The biggest news stories of the week include …
- JPMorgan, Citigroup helped trigger Lehman collapse,
report argues – The Telegraph
- London at centre of Lehman Brothers 'accounting
gimmick' – The Telegraph
- Security fear over end of cheques – BBC
- Bernanke opposes plan to strip Federal Reserve of small
bank supervision role – The Telegraph
- Bank charges: 'Banks should offer accounts that can't
go overdrawn' – The Telegraph
- Turner eyes bank reform by November G20 meeting – The Independent
- Brown intervenes in European hedge fund dispute – The Times
- US bank regulation bill unveiled – BBC
And our biggest stories of the week are …
Many of us get excited about new and different toys in the payments
world. We then use these illustrations of small change to make
allegations about big change. We speculate that everyone will be using
twitter for payments via PayPal’s core system within the next few
years, for example. But PayPal isn't that special.
It’s just cream on the cake.
I argued that PayPal and their brethren of social monies don’t
matter. It was like unleashing the sceptical banker that I know resides
deep within me, and it felt good. Then I got a dose of new reality vision (maybe due to so many comments
on yesterday’s piece) and it felt not so good, because PayPal and
their brethren really do matter. In fact, they matter a lot more than we think.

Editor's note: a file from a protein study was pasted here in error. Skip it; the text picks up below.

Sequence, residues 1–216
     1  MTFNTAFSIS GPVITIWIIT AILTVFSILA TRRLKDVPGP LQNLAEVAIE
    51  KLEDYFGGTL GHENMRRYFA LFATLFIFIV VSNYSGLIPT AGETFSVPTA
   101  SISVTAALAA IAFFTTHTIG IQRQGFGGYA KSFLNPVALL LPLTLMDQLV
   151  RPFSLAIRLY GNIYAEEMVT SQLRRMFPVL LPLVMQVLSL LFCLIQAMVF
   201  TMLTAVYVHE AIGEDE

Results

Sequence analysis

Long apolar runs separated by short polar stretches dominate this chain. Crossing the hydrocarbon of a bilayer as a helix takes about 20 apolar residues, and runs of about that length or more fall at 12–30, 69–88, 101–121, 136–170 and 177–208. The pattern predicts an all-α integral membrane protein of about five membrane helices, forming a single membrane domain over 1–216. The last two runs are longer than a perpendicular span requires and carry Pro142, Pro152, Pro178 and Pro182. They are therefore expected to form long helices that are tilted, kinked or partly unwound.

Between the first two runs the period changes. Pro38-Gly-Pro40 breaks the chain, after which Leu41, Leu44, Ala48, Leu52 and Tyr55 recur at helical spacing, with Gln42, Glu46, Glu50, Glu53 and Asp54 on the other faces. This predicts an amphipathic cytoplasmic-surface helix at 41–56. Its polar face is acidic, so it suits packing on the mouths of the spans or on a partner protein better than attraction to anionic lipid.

In January, I wrote a blog post about competitive strategies, and the
Sharks versus the Jets of the Banking industry. This blog entry
developed into a short white paper that has just been published by
Hewlett-Packard. Get a free copy here.
Six months ago, I posted some cracking quotes about the crisis. I recently
saw the Power of Yes by David Hare (well worth a
viewing), and the programme has many more choice quotes to add to the
list. Here are some of my favourites …
Thinking about millenials, or Gen Y as some call them, reminded me
of marketers wonderful ways of coming up with new terms for consumer
segments. Here's a few new ones: Wotofs, Minjers, Yolops and Yotops.
Thanks to the Italian blog Banca2.0, I stumbled across Dexia
Belgium’s marketing campaign to Gen Y that worked wonders almost a
year ago. The campaign is based around Dexia’s youth bank, Axion,
and the bank’s aim was to appeal to 15 to 30 year old
Belgian’s by highlighting music as the theme. But not just any old
music: web music.
USAA are an American provider of finance that started as an insurer for
military personnel, and now provides banking and full financial
servicing for America's forces. They are also the #1 firm in
America for Customer Service. To demonstrate this, Bloomberg has
selected America's best customer service providers since 2007 and 'no
other company has come close to achieving USAA's feat: a No. 1 or No. 2
spot for four years running'.
Lots and lots of coverage of the Lehmans shambles this week. You can read the whole 2,300+
page report if you want, but what is missing online are the wonderfully clever
pictures some of the papers included in their print reporting.
The classic article of last year "Inside the Great American Bubble Machine" by Matt
Tiabbi in Rolling Stone, where he coined the term 'vampire squid' in his
description of the bank Goldman Sachs, has been visualised in this
10-minute YouTube stream …
I thought that Lloyds Banking Group had suddenly had a change of
heart when I got a note offering me a Beamer, Benz or Bentley.
Obviously, the lending lines had opened and car loans is their new
focus. Then I realised that this is the title of Lloyd Banks debut single
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